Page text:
Travel Report: Daegu Gyeongbuk English Village, Daegu.
April 2019. The whole point of coming to the Korean city of Daegu was for a catch up with my old friend Wonderboy. Following our travel adventures in Cambodia, China, Japan and Spain, I was excited to be adding a corner of South Korea to our explored list. Moreover, I was able to save on hotel costs when Wonderboy revealed I could crash at his studio apartment in the grounds of DGEV, Daegu Gyeongbuk English Village.
DGEV offers English language training to Korean students of all ages through a partnership with The University of Wisconsin River Falls and Daegu’s own Yeungjin University. The classrooms, offices and residential blocks sit in an immaculately landscaped garden complex framed by temperate hills and light woodland.
Wonderboy’s little studio lies right in the heart of the site, with a balcony that overlooks the prettiest section of the main garden. On the mornings my friend had to teach, I would sit on the balcony to drink coffee and write. As views go, I’ve certainly had worse! Yes, that’s a giant plane in the middle of the garden. More on that later.
Daegu Gyeongbuk English Village.
A team of gardeners keeps the complex in beautiful shape. Taking a stroll one afternoon, I came across a giant pond, manicured hedges and a clutch of cherry blossom trees. The whole place stood in stark contrast to the smoggy, grey polluted river outside my apartment in the Chinese city of Ruian. Yup, it felt like Wonderboy had really landed on his feet with this school.
For the most part, Wonderboy teaches teenagers. Although, every now and then, he might find himself giving a British culture class to a group of adults. This could involve anything from ‘What British People Say & What British People Mean’, to the importance of tea in English culture. And crucially, how to actually make a cup!
According to the official blurb, Daegu Gyeongbuk English Village gives students an “experiential learning environment”. They’re not kidding on this one, as the school boasts a range of hugely creative themed classrooms. One of these is the giant airplane that dominates the main garden!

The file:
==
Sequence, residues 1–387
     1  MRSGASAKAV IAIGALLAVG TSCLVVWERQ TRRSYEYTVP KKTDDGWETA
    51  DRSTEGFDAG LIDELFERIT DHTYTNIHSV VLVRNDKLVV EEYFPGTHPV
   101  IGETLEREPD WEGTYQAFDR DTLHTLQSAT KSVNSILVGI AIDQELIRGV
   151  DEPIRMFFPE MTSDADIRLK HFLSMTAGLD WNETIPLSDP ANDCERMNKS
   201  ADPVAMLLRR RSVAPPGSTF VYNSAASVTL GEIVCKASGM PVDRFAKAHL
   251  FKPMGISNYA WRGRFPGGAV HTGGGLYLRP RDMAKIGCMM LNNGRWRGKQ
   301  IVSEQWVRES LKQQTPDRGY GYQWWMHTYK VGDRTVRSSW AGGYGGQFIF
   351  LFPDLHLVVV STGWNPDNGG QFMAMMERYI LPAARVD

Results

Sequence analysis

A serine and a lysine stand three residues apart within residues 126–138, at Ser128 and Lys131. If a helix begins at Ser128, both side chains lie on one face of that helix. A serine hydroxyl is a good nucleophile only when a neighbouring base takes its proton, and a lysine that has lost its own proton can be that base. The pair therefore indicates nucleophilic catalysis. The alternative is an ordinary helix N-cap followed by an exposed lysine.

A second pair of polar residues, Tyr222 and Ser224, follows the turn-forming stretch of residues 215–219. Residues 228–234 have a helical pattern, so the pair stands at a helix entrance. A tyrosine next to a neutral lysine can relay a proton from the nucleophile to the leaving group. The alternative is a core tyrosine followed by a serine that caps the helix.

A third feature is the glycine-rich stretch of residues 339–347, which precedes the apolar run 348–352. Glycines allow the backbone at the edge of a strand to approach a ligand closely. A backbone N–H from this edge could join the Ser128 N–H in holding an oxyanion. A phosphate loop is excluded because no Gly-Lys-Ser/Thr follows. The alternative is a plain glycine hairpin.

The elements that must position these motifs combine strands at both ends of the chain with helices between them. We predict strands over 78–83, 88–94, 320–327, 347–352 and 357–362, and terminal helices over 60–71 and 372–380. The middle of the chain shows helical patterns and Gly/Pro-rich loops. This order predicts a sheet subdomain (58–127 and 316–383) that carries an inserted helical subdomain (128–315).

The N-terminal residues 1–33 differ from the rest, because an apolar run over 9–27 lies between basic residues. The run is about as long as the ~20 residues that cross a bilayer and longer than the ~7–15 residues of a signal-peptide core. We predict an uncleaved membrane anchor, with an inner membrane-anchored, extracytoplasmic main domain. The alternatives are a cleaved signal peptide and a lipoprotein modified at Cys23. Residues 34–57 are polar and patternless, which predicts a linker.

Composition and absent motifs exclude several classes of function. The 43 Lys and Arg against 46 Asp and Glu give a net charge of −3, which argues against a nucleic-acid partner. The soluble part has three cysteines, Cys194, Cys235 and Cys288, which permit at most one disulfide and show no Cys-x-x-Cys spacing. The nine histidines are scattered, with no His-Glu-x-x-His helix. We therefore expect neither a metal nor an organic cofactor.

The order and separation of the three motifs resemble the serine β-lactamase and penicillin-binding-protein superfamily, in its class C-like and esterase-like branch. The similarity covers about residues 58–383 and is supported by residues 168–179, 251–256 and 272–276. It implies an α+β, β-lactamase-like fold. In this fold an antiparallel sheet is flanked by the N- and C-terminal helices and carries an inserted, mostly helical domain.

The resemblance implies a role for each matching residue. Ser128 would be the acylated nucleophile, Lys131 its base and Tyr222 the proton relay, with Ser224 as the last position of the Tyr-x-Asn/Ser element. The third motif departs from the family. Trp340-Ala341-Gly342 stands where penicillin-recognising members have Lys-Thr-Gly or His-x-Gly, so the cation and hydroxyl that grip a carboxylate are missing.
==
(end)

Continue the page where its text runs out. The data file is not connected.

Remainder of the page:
This is where students get to grips with airport related English, including asking for directions, how to check in and going through security. The kids even get little Daegu Gyeongbuk English Village passports! From time to time the place also serves as a venue for cabin crew training.
Teach English in Daegu, South Korea.
There are loads of amazing classrooms throughout the school. One evening, Wonderboy gave me the full tour. Fast Food, for example, helps kids get to grips with ordering in restaurants and cafes. Yup, this classroom has a bit of a Subway vibe to it.
Students can brush up on their animal vocabulary in the cute and cuddly Zoo class. Yes, Wonderboy concedes it can be challenging keeping kids focused when surrounded by piles of soft toys.
At the Pikes Peak Hotel you can learn how to check in, check out, make complaints and throw in a general enquiry or two. There’s also a very cool classroom called Broadcast, where you sit behind a giant desk and play the role of a news anchor. Elsewhere, a geography centre packed with maps and flags helps students memorise countries, nationalities and continents. Oh, and there’s a supermarket, a gift shop and a life-size New York Taxi model in a classroom called Transport.
Daegu Gyeongbuk English Village.
I found myself really impressed by the creativity that went into these rooms and Wonderboy admitted it’s lot of fun giving the classes. A friend of mine, stuck in a somewhat meh Korean language school, couldn’t help but surmise: “F***, they get their own TV studio and I’m still fighting for crayons”.
Sixteen months on from my Daegu adventure and Wonderboy is still teaching for DGEV. This is no surprise, especially when you consider his studio comes with the job, free of charge. The school also provides breakfast, lunch and dinner for their employees. Not too shabby at all.
For more info on Daegu Gyeongbuk English Village, check out their website here.
For my guide on what to see and do in this hugely underrated city, check out my travel reports from Daegu.
Like this? Take a look at more of my pieces from around South Korea.
I’ve been living, working and traveling all over the world since 2001. So why not check out my huge library of travel reports from over 30 countries.